Like many kids of my generation, I loved playing the now-politically-incorrect-on-so-many-levels game of Cowboys and Indians. When my friends and I played, we didn’t care which side we were on, it was all about the game. As we grew older, we still played the game, but now we rode horses and imagined that someday we would reclaim the Wild West. Little did we realize at the time how much the “Wild” West had changed, and that the days of the cowboys as we imagined them were fading fast.
But every once in a while, a kid like me gets to meet real-life heroes. That is exactly how I felt when I sat down to talk to Dusty Richards. I’ve known Dusty for a while, and known of him pretty much all my life. Dusty has lived in Northwest Arkansas since before I was born, and has always been something of a local legend. Besides being a successful rancher in the area, he had a local radio program for years and appeared on a regional morning TV show, and everyone I know talked about the books he wrote and had published.
Wonderful, magical books about COWBOYS.
Meeting Dusty for the first time a few months ago was exciting for me and I managed not to fangirl too much. Even more exciting is the fact that Dusty is one of the authors at Oghma Creative Media, and that means I can talk to him anytime I want.
Dusty Richards is very friendly and approachable, and absolutely loves talking about his life and his books. As part of my official duties, I sat down to ask him about his life this past weekend. As Director of Marketing, I want to try to know our authors not just as writers, but as people—who they are, what makes them happy or sad, what brought them to the point they are now as artists.
Dusty had scheduled an appearance at the Springdale (AR) Public Library as part of Indie Author Day. He agreed to sit and chat with me until his scheduled time slot, and we found a place to settle in and get comfortable. The tables near the south windows offered light for recording, and space apart from the main activity to prevent us from interrupting others.
In my innocence (not being a published author) I asked the question “What got you started writing westerns?” Three hours later, I still wasn’t sure that I had a definitive answer.
But looking back over the interview, I discovered the answer was right in front of me. Dusty had given it to me in true storyteller fashion. I had expected him to say “This is how it happened,” but what he actually said was “This (a writer of westerns) is who I am, and here is how I got to this point in my life.”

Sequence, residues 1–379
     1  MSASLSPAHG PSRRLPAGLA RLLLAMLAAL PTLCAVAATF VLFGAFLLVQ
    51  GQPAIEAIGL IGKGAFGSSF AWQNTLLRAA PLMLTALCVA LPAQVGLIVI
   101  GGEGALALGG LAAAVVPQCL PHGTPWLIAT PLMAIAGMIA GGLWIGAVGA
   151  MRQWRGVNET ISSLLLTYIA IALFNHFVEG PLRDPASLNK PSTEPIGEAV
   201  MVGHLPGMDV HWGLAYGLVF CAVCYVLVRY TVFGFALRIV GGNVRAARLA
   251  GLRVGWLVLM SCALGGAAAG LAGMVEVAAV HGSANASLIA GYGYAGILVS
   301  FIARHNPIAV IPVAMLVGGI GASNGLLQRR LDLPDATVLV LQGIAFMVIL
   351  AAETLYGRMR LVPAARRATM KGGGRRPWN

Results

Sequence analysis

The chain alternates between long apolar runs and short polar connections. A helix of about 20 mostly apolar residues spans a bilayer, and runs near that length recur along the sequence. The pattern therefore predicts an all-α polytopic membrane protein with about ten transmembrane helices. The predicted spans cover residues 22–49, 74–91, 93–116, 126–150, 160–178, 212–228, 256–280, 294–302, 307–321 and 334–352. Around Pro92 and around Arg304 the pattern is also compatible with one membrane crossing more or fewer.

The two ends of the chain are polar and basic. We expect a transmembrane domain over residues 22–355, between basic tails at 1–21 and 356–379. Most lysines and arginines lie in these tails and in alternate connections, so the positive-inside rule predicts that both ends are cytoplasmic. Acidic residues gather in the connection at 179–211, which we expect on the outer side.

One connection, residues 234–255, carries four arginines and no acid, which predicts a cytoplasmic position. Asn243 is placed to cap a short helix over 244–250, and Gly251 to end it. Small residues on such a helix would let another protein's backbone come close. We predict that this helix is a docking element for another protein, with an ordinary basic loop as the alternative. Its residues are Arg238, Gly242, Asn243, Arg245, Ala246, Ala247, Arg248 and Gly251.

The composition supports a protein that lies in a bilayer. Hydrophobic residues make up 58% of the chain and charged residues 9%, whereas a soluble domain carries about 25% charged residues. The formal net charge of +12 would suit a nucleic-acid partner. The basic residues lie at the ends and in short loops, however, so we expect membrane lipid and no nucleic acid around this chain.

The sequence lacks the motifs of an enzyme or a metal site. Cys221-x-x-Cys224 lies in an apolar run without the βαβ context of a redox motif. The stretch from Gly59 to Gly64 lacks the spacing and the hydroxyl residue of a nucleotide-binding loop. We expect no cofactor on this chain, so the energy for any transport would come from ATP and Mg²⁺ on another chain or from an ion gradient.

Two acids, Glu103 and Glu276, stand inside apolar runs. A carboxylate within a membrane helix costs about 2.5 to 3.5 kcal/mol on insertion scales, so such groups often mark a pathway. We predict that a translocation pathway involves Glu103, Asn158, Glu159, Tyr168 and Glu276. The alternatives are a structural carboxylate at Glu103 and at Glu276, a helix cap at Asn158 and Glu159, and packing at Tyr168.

Dusty Richards told me about his early years, living in Chicago, moving to Arizona, meeting the people on the ranches, working with vaqueros, and learning to do things with his hands. He told me about learning to ride horses, entertaining the notion of riding bulls (he became an announcer instead). He told me about the authors he read, the stories he loved, the stories he wanted to write. He told me about his failures and successes, his mentors and supporters, his family and friends.
The closest to a “real” answer to my question came down to this. Dusty once had a friend who spoke about what he wanted to do when he retired. Unfortunately, his friend died before making his dream come true. Dusty said that woke him up. He told his wife he didn’t want to miss his own chance, so he retired from Tyson Foods after more than thirty-five years, and got serious about writing his stories. After more than one hundred books, numerous short stories, three Spur Awards, and now a movie deal, I can say that his fans are glad he took the chance.
Wait—did I just say there is a MOVIE?? Yes, folks I did. This summer (2017) Dusty earned his third Spur award from Western Writers of America for his novel The Mustanger and the Lady, published by Oghma Creative Media. The new movie Painted Woman is based on characters in that book and will be showing in select theatres around the United States. Friday night (November 10th) it will be premiering in Poteau, Oklahoma. That’s fitting, since it was filmed in Oklahoma. Ask your local venues if they will be screening it. If not, go ahead and ask them to request it. And while you’re waiting, pick up the book. We’ll talk more about this Saturday, after the show.